kangaroos flying about. Agatha has found it on the map. What
a curious shape it is! Just like a large packing case.
However, it is a very young country, isn't it?

                            HOPPER
Wasn't it made at the same time as the others, Duchess?

                      DUCHESS OF BERWICK
How clever you are, Mr. Hopper. You have a cleverness quite
of your own. Now I mustn't keep you.

                            HOPPER
But I should like to dance with Lady Agatha, Duchess.

                      DUCHESS OF BERWICK
Well, I hope she has a dance left. Have you a dance left,
Agatha?

                           LADY AGATHA
Yes, mamma.

                     DUCHESS OF BERWICK
The next one?

                           LADY AGATHA
Yes, mamma.

                             HOPPER
May I have the pleasure?

     LADY AGATHA bows.

                      DUCHESS OF BERWICK
Mind you take great care of my little chatterbox, Mr. Hopper.
                                          LADY WINDERMERE'S FAN II-26




     LADY AGATHA and MR. HOPPER pass into ball-room.

     Enter LORD WINDERMERE.

                       LORD WINDERMERE
Margaret, I want to speak to you.

                        LADY WINDERMERE
In a moment.

     The music drops.

                              PARKER
Lord Augustus Lorton.

     Enter LORD AUGUSTUS.

                        LORD AUGUSTUS
Good evening, Lady Windermere.

                      DUCHESS OF BERWICK
Sir James, will you take me into the ball- room? Augustus has
been dining with us to-night. I really have had quite enough
of dear Augustus for the moment.

     SIR JAMES ROYSTON gives the DUCHESS his aim and
     escorts her into the ball-room.

                            PARKER
Mr. and Mrs. Arthur Bowden. Lord and Lady Paisley. Lord
Darlington.

     These people enter as announced.

                        LORD AUGUSTUS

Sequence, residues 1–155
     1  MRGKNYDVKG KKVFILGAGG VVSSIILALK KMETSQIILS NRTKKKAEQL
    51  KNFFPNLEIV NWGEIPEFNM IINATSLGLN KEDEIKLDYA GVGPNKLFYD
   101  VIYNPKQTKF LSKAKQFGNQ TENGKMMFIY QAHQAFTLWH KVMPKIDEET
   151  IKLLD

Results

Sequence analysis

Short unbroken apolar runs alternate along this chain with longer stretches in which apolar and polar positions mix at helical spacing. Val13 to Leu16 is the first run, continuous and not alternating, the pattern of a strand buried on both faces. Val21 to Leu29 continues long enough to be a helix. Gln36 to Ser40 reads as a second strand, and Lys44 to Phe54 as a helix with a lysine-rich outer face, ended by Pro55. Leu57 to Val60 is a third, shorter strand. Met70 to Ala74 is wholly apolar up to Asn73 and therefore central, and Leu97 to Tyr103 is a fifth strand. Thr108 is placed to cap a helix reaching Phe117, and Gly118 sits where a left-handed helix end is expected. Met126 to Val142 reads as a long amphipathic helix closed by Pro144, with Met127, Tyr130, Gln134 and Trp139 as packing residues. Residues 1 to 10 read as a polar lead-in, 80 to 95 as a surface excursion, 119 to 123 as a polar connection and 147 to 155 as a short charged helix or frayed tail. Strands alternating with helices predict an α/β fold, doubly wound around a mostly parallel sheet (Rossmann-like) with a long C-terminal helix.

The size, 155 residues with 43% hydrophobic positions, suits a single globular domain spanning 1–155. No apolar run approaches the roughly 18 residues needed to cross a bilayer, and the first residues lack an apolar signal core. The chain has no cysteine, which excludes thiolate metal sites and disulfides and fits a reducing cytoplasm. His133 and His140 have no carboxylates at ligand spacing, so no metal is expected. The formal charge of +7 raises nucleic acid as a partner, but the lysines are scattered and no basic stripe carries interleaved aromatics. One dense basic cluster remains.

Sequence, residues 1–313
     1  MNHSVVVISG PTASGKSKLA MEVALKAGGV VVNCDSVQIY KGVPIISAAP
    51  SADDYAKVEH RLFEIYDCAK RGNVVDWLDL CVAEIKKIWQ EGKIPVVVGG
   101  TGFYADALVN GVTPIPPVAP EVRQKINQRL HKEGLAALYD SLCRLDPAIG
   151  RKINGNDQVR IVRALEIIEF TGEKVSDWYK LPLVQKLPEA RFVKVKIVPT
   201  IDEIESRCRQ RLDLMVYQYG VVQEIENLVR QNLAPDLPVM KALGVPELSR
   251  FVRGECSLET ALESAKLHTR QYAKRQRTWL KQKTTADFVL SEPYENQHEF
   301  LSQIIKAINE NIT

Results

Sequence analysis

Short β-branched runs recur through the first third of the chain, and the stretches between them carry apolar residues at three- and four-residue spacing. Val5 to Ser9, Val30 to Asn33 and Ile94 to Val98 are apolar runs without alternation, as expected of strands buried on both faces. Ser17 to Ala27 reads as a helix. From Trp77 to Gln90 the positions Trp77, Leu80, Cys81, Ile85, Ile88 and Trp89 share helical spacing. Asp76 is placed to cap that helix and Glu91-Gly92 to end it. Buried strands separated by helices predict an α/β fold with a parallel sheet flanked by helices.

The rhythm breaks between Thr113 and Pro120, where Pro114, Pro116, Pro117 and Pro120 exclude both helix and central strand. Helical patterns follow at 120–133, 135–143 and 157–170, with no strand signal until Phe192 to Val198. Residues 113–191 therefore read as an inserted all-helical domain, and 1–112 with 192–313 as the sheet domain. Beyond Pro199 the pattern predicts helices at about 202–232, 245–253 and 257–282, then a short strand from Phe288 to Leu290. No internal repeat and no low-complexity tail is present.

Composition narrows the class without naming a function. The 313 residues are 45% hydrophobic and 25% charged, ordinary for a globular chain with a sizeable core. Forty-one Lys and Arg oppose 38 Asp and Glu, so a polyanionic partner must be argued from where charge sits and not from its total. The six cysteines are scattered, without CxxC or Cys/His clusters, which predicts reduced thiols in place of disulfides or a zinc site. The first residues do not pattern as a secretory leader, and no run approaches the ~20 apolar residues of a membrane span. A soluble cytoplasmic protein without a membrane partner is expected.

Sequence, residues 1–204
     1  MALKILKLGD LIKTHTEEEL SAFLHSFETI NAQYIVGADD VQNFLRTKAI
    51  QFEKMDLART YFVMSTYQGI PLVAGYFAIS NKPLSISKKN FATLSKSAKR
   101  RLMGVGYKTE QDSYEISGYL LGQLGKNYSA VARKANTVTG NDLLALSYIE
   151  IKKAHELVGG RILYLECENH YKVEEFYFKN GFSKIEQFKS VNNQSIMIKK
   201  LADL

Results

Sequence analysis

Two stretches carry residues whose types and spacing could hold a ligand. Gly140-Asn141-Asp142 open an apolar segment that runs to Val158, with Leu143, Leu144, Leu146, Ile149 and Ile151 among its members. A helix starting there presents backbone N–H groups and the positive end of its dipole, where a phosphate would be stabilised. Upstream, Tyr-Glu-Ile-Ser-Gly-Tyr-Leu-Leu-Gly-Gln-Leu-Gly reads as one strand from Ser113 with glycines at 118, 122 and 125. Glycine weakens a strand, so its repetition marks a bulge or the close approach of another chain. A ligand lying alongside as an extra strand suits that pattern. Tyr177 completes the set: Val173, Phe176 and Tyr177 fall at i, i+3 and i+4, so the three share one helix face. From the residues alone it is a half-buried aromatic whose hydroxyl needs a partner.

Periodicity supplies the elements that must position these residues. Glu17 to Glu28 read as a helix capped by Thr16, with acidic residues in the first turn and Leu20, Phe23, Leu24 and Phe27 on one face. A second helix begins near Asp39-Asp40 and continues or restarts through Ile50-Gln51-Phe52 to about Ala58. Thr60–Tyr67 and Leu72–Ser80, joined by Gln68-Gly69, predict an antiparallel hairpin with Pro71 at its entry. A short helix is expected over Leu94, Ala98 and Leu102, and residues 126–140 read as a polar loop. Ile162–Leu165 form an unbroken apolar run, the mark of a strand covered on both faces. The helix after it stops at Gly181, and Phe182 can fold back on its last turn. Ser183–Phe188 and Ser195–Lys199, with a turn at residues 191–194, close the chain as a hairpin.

(coming up to LORD WINDERMERE)
Want to speak to you particularly, dear boy. I'm worn to a
shadow. Know I don't look it. None of us men do look what we
really are. Demmed good thing, too. What I want to know is
this. Who is she? Where does she come from? Why hasn't she
got any demmed relations? Demmed nuisance, relations! But
they make one so demmed respectable.

                       LORD WINDERMERE
You are talking of Mrs. Erlynne, I suppose? I only met her
six months ago. Till then, I never knew of her existence.
                                         LADY WINDERMERE'S FAN II-27




                        LORD AUGUSTUS
You have seen a good deal of her since then.

                       LORD WINDERMERE
    (coldly)
Yes, I have seen a good deal of her since then. I have just
seen her.

                        LORD AUGUSTUS
Egad! the women are very down on her. I have been dining with
Arabella this evening! By Jove! you should have heard what
she said about Mrs. Erlynne. She didn't leave a rag on her...
    (Aside)
Berwick and I told her that didn't matter much, as the lady
in question must have an extremely fine figure. You should
have seen Arabella's expression!... But, look here, dear boy.
I don't know what to do about Mrs. Erlynne. Egad! I might be
married to her; she treats me with such demmed indifference.
She's deuced clever, too! She explains everything. Egad! she
explains you. She has got any amount of explanations for
you –– and all of them different.

                       LORD WINDERMERE
No explanations are necessary about my friendship with Mrs.
Erlynne.

                        LORD AUGUSTUS
Hem! Well, look here, dear old fellow. Do you think she will
ever get into this demmed thing called Society? Would you
introduce her to your wife? No use beating about the
confounded bush. Would you do that?

                       LORD WINDERMERE
Mrs. Erlynne is coming here to-night.

                        LORD AUGUSTUS
Your wife has sent her a card?

                       LORD WINDERMERE
Mrs. Erlynne has received a card.

                        LORD AUGUSTUS